Code of Success Deciphered: Power of Believing You Can Improve!

I remember struggling during my early school days with assignments, ensuring ‘neatness’ of handwriting and allocating time to revise for multiple subjects. The pressure and anxiety was too much! It made me cranky, depressed and sad because I was fixated on getting top grades on all subjects.

Losing appetite was habitual and so was the feeling of self-worthlessness when I was unable to get my desired grade. Looking back, it was nothing more than a rat race which I was blindly running in- too focused on triumphing ‘now’ and not being focused on ‘yet’.
I belong to a traditional middle class family, where my parents focused their time, energy and resources in ensuring I study well, have the best educational support and resources at my disposal- they were driven by the belief that if I become a high achiever by getting all A’s in my subjects I would be ready to face challenges of tomorrow and become thoroughly successful professionally.

Their ‘Fixed’ mindset drove what they thought was a formula to success and this was passed on to me in form of overburdening expectations to keep up with. I remember fearing to adapt, embracing change seamlessly when a challenge was presented to me. I was comfortable doing what I ‘knew’ I was good at and did not have enough confidence to ‘try’ or ‘experiment’ with new ideas.

When I came across Carol Dweck’s TED Talk session on ‘Power of Yet’– I couldn’t have resonated with it more. The phrase ‘Power of Yet’ is so simple yet so powerful. An experiment was conducted at a high school in Chicago where students had to pass a number of courses in order to graduate, if they did not pass the course- they got a grade ‘Not Yet’ instead of ‘Failed’.

This simple amendment bought fantastic transformation in the student’s mindsets because it acknowledged their learning curve. It gave them hope to succeed in future rather than getting pessimistic about not being good enough.

Growth Mindset VS Fixed Mindset

Children who are raised with a ‘Growth’ mindset embrace challenges positively, they look at them as opportunities to learn, improve and develop further. They have positive attitude towards difficulties and are driven by the belief that they could improve.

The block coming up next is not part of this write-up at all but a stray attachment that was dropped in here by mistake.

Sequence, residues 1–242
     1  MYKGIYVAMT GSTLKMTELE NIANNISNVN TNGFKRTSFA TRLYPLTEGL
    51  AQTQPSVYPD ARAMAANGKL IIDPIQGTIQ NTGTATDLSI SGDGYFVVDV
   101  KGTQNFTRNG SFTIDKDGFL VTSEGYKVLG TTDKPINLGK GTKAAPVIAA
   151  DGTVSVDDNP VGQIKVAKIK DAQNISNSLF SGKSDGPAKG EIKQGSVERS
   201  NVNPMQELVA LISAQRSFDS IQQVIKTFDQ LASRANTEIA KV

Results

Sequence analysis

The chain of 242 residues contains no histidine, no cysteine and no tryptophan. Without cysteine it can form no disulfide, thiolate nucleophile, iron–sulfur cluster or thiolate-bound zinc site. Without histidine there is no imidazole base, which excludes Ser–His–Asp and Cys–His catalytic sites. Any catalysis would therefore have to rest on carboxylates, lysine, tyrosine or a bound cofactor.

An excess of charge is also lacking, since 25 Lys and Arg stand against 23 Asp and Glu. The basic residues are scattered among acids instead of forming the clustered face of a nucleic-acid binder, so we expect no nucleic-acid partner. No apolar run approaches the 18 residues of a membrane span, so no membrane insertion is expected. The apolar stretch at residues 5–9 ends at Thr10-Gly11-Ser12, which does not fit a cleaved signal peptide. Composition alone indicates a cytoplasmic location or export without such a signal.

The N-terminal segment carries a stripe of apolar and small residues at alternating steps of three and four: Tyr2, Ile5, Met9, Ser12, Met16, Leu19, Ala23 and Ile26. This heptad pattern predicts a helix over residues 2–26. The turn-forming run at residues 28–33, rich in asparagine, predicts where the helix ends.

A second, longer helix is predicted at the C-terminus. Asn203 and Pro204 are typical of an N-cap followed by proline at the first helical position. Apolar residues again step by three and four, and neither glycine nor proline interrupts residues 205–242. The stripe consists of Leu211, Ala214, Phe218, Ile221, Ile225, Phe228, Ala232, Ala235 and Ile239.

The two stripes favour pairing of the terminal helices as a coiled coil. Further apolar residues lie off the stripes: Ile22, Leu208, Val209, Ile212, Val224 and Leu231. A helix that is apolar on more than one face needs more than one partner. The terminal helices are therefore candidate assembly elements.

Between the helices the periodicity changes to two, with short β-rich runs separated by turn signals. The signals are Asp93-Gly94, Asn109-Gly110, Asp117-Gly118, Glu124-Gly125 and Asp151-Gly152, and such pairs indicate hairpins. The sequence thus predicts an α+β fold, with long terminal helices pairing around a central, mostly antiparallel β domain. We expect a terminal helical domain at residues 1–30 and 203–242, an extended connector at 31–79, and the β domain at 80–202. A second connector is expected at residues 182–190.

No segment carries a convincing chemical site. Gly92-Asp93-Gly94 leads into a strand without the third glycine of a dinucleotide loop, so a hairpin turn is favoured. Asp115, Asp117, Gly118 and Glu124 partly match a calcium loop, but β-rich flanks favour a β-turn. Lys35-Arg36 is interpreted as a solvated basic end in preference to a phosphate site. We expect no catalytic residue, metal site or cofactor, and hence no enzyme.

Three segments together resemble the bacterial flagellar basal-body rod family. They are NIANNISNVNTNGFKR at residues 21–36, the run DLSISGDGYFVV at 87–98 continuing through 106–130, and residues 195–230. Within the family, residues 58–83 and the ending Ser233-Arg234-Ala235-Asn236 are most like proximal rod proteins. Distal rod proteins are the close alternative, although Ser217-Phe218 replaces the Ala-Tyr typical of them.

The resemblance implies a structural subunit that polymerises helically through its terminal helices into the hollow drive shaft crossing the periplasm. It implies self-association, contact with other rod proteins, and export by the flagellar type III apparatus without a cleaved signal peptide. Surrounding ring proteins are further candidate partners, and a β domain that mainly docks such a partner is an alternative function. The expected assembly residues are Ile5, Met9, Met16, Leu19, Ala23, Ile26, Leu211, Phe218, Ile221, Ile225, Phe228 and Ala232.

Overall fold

However, children raised with a ‘Fixed’ mindset look at challenges as tragedies, it makes them uncomfortable and impacts their mindset negatively. Such children are focused on the ‘Power of Now’– they just to make things work in the current moment and are not driven by what the future may hold and how they can use this challenge as means to develop.

Fixed-mindset individuals may look for shortcuts to succeed in life, they fear failure and would look for people who are worse off than themselves to feel good about how they are doing in life. They run from difficulties and their attitudes towards errors is not conducive. However, growth-mindset individuals believe that their abilities can be developed further and that there is always room for improvement.

They would be more open towards challenges because they treat them as means to discover something new, something that they could learn and adapt to for future. They process errors, they analyze what went wrong and try correcting it.

How Are We Raising Our Children?

We need to question how are we raising our children? Are we pushing them in the same rut of being driven by getting A’s in the next test score? Are we depriving them of the ability to dream big? And instead look around for a constant need for validation?

Look around yourselves- do you not see majority people being driven by a constant need for rewards and recognition? Are they not driven by motives like

‘if I take this initiative I would be perceived as knowledgeable among my peers, perhaps become eligible for a promotion and my overall impression would improve?’

rather than

‘I want to take this initiative so that I can improve my skills, knowledge and learning, it will help me develop better for future and enhance my mindset’.

We need to create a bridge and transition from ‘now’ to ‘yet’. But how can we accomplish that?

Praise the process that children engage in and not their inherent talent or intelligence. Encourage kids to try something new, to explore new ideas and experiment with their creativity. Commend their effort, thinking and focus. Support them in building resilience and perseverance.

It is okay to fail!

Give them the confidence that failures and mistakes have no life-threatening consequences and should be viewed as learning opportunities. Encourage them to improve and this would only happen if we as parents support and reward their efforts and progress rather than valuing actual results.

Raise children in such a way that they have an innate persistence and consistency- groom them for a stronger, more optimistic future. Let their minds be free from biases and preconceived notions and ideas of success. Use words ‘not yet’ and ‘yet’ more frequently. Developing a child’s core DNA to embrace challenges rather than fearing them will make them smarter and capable of striving for further development rather than simply accepting what they ‘can’ and ‘cannot do’.

Merits of growth mindset cannot be undermined, it brings about an inspirational transformation because it alters the definition of difficulty. Rather than giving up when times get tough or feeling dumb about oneself, it teaches us to become steadfast, become smarter and form stronger connections. Every child is capable of this growth, do not deprive them of the beautiful possibilities which are abound the places filled with ‘yet’.